Death is not a favorite conversation topic. However, we all know it is something we must at some point discuss. The loss of a close friend or family member, or an event such as the COVID-19 pandemic, seems to bring the topic to the forefront.
I am often asked, “Do I need a will?” And my response is yes, you do. The second question is, “What happens if I don’t.” My answer is, the state of Arkansas will “write” one for you.
If you die without a will, you are said to die “intestate.” When this occurs, the laws of the state of Arkansas set forth who will receive your estate. This may not be how you wish for your assets to pass.
When you die, your assets are called your “estate.” How these assets pass is called your “estate plan.” Estate plans can be simple to quite complex. Usually the larger the estate, the more complex the plan will be. No matter the complexity, a will is part of the plan.
So what should be in a will? A will lets you decide the distribution of your assets – to whom, how, and when. These assets include your real estate and personal property. Also included are your investments and businesses. You may choose to direct by will how retirement accounts and life insurance proceeds are passed. You can make charitable gifts to your favorite charities or your church. A will is also important if you have minor children because it can dictate your guardian preference in the event of your death.
While it is true you can write your own will, I always advise to have one prepared by an attorney. Before meeting with an attorney, prepare a listing of all your assets – home, real estate, bank accounts, retirement plans, and personal property such as cars, life insurance policies, etc.
You will also need to prepare a listing of all debts – mortgages, auto loans, and credit cards. Also prepare a list of all immediate living family members, detailing their addresses and birth dates.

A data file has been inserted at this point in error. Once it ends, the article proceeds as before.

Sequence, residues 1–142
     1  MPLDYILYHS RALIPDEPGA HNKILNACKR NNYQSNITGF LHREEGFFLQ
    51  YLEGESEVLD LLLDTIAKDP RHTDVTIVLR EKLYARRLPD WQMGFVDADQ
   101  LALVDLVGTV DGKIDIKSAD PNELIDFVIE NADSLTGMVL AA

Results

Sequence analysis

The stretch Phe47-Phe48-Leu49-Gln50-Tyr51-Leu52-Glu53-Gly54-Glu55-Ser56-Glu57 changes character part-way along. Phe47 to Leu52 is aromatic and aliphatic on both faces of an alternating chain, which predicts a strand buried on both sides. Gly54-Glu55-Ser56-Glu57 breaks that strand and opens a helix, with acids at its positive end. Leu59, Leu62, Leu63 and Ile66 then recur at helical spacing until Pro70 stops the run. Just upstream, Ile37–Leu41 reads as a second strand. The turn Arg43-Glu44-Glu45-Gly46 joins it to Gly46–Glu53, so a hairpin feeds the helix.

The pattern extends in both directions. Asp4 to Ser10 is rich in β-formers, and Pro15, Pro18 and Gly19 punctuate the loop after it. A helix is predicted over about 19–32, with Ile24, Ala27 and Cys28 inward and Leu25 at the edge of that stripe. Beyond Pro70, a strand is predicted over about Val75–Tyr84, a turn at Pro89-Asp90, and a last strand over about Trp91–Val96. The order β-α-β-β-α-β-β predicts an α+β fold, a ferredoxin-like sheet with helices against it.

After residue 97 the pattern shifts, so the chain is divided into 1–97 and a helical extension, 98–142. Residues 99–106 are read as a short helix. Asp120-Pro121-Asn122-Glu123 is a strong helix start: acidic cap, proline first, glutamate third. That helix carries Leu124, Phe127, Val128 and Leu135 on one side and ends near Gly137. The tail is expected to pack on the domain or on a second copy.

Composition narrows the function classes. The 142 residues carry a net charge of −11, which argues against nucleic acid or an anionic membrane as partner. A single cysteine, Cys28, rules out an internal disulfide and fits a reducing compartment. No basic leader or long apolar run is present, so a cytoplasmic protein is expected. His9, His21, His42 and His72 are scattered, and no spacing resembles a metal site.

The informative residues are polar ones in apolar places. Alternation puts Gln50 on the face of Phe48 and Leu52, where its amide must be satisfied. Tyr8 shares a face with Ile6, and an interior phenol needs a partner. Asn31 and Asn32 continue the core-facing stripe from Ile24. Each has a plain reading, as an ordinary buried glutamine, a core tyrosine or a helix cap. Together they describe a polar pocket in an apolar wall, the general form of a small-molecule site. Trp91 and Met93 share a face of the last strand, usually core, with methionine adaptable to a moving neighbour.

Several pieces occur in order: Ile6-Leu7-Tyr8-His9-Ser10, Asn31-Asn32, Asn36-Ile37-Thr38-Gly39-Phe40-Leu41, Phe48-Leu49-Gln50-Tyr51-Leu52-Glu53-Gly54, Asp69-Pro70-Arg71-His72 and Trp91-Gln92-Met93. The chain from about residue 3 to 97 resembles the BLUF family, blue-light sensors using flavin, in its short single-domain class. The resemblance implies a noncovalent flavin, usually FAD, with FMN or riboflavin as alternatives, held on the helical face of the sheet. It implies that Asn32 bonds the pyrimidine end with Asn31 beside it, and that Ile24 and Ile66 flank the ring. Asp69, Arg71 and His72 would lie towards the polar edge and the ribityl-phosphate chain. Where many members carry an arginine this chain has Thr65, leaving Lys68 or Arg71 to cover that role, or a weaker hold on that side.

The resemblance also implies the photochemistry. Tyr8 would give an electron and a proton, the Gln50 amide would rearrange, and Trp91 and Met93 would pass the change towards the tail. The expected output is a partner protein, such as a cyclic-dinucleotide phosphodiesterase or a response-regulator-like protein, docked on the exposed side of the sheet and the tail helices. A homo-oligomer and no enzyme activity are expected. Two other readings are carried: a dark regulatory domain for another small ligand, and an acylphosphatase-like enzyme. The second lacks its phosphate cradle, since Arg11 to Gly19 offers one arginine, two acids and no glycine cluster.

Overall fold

These lists will help your attorney guide the discussion as your will is prepared. If you have a safe deposit box, be sure to detail its location. If you have prized possessions, such as collections or family heirlooms, be sure to detail these as well.
When meeting with an attorney, I also suggest consideration be given to having a power of attorney and medical directive created. Your attorney will ask who you want to give the decision making power to in these documents. It is good to have a discussion with the person you are considering before finalizing the documents.
Originals of these documents should be kept in a safe place and be accessible by your estate administrator. These documents should be reviewed at least every three years and at pivotal life moments such as marriage, divorce, birth of a child, death of a beneficiary, and so on. A will change is called a “codicil” and is easy to do.
There are many estate planning resources to review online. I would encourage you to research them, and then visit with a professional to discuss your options. Estate planning experts can provide key planning insights from their experience working with estate plans and families.
G. Gene Crawford II is President of the Trust Division at Citizens Bank in Batesville. He can be reached at 870-698-6371, or by email, firstname.lastname@example.org.